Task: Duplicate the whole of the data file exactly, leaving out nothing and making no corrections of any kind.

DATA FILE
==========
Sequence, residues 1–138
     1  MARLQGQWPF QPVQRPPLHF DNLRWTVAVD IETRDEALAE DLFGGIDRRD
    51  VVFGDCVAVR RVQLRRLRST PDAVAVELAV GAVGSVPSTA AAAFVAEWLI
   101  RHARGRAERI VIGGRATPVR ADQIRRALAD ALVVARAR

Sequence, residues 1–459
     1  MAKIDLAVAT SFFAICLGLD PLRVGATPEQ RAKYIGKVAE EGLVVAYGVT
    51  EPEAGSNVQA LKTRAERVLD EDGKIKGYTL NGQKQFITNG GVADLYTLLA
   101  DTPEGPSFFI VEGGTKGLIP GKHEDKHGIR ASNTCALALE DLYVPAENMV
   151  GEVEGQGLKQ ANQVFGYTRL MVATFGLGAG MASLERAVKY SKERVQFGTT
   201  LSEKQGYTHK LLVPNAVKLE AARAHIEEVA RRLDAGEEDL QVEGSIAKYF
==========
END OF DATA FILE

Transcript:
Sequence, residues 1–138
     1  MARLQGQWPF QPVQRPPLHF DNLRWTVAVD IETRDEALAE DLFGGIDRRD
    51  VVFGDCVAVR RVQLRRLRST PDAVAVELAV GAVGSVPSTA AAAFVAEWLI
   101  RHARGRAERI VIGGRATPVR ADQIRRALAD ALVVARAR

Sequence, residues 1–459
     1  MAKIDLAVAT SFFAICLGLD PLRVGATPEQ RAKYIGKVAE EGLVVAYGVT
    51  EPEAGSNVQA LKTRAERVLD EDGKIKGYTL NGQKQFITNG GVADLYTLLA
   101  DTPEGPSFFI VEGGTKGLIP GKHEDKHGIR ASNTCALALE DLYVPAENMV
   151  GEVEGQGLKQ ANQVFGYTRL MVATFGLGAG MASLERAVKY SKERVQFGTT
   201  LSEKQGYTHK LLVPNAVKLE AARAHIEEVA RRLDAGEEDL QVEGSIAKYF